February 1, 2011
Jordan’s monarchy has decided to fire the government and has moved to form a new one under the direction of an ex-army general, Marouf al-Bakhit.
King Abdullah II decided to take the move after thousands of Jordanians filled the streets to protest their hereditary rulers. The growing protests are inspired by events in Egypt and Tunisia where popular rebellion threatens the established order.
King Abdullah II is a key U.S. ally. He has come under pressure in recent weeks from protests by a coalition of Islamists, secular opposition groups and a group of retired army generals who have called for sweeping political and economic reforms.
Protesters demanded the resignation of former PM Samir Rifai and action on rising prices and unemployment. A palace statement by the king said Bakhit’s mission was “to take practical, quick and tangible steps to launch true political reforms, enhance Jordan’s democratic drive and ensure safe and decent living for all Jordanians.”
- A d v e r t i s e m e n t
Leaders of the protests say the king has failed to take substantial steps to address mounting public resentment. They warn that unless genuine changes are made, the unrest could worsen.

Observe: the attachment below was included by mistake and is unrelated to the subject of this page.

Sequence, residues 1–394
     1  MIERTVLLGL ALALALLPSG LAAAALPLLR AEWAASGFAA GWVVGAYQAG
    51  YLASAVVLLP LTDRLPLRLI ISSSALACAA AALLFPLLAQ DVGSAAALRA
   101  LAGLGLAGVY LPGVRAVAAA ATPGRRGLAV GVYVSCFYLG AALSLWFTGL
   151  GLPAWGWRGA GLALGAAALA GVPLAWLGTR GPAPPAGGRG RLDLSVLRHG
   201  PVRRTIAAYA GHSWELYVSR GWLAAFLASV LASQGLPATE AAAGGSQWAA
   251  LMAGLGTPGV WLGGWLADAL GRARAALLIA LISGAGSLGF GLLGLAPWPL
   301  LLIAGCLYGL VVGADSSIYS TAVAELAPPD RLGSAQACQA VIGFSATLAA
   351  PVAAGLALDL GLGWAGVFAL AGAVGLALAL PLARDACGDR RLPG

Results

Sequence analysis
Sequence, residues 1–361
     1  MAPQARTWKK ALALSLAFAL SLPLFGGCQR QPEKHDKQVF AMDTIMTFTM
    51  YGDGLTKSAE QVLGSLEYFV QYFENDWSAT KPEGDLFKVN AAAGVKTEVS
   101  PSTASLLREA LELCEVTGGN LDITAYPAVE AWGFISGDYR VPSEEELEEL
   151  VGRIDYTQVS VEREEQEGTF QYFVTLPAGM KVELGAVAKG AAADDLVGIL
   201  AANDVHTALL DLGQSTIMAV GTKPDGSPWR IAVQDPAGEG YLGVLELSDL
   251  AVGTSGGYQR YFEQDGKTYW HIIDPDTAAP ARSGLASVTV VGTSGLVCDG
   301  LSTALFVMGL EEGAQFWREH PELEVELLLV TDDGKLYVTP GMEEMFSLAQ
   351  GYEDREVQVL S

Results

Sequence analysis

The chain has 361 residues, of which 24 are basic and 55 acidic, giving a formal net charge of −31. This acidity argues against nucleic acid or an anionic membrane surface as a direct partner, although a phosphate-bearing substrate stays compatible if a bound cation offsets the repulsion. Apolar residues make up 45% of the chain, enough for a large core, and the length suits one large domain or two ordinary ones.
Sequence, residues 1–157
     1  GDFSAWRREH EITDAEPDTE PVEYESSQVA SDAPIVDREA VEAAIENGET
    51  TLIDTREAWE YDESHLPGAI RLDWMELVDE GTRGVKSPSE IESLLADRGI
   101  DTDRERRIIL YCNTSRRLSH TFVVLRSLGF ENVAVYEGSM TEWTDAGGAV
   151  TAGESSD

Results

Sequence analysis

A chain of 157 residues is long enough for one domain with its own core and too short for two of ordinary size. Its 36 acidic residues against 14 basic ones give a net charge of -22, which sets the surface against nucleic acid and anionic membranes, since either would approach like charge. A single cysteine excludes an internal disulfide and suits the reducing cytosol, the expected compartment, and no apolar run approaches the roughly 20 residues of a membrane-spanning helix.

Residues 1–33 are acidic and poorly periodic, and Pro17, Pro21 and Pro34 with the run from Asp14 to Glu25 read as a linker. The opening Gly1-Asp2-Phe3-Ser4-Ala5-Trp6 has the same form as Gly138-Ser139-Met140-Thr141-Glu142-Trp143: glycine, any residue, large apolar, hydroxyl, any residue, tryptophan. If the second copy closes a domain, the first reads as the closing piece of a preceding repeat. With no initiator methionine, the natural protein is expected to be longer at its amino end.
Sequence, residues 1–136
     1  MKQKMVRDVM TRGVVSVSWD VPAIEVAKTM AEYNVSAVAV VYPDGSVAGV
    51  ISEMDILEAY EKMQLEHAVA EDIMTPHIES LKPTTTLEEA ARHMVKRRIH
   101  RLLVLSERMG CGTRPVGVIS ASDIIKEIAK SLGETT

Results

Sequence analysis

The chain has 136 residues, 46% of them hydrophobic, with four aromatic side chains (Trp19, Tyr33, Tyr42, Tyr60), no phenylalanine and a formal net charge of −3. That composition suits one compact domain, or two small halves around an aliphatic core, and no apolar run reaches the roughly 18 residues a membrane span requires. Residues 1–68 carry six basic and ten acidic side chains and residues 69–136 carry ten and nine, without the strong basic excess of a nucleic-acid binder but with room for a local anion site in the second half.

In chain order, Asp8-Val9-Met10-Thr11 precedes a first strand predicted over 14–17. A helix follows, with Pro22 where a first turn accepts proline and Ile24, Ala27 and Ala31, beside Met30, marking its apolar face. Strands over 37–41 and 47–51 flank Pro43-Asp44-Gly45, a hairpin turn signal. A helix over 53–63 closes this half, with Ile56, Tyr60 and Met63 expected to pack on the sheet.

The Muslim Brotherhood is Jordan’s largest opposition group. Last month it said its main demands were the dismissal of the government, the dissolution of parliament, and new elections. Many Jordanians criticized the election last November as fraudulent.
The Hashemite Kingdom of Jordan was carved out of the former Ottoman empire by the British. The country was under British “supervision” until 1946 when the United Nations was petitioned to end the British Mandate and King Abdullah was appointed ruler.
Jordan is a modern police state. It has a history of persecuting activists and journalists. The country amended its penal code in July of 2010 and in August passed a Law of Information System Crimes, ostensibly to regulate the internet. Revised laws continue to criminalize peaceful expression and extend those provisions to internet expression.
In 2010, Jordanian authorities prosecuted peaceful dissidents and prohibited peaceful gatherings to protest government policies. Dissidents confined by the General Intelligence Department routinely sign confessions. According to a report by Amnesty International, intelligence agents in Jordan frequently use torture to extract confessions from suspects.
Jordan’s king sacks Cabinet amid street protests, Associated Press, February 1, 2011.
Jordan protests pressure king, but respect for monarchy remains, Ammon News, January 31, 2011.
Jordan protests: King Abdullah names Marouf Bakhit PM, BBC, February 1, 2011.
Jordan: Let Jordanians Speak Their Minds, Human Rights Watch, January 27, 2011.
Jordan: A Poetic Security Threat? Human Rights Watch, September 3, 2010.
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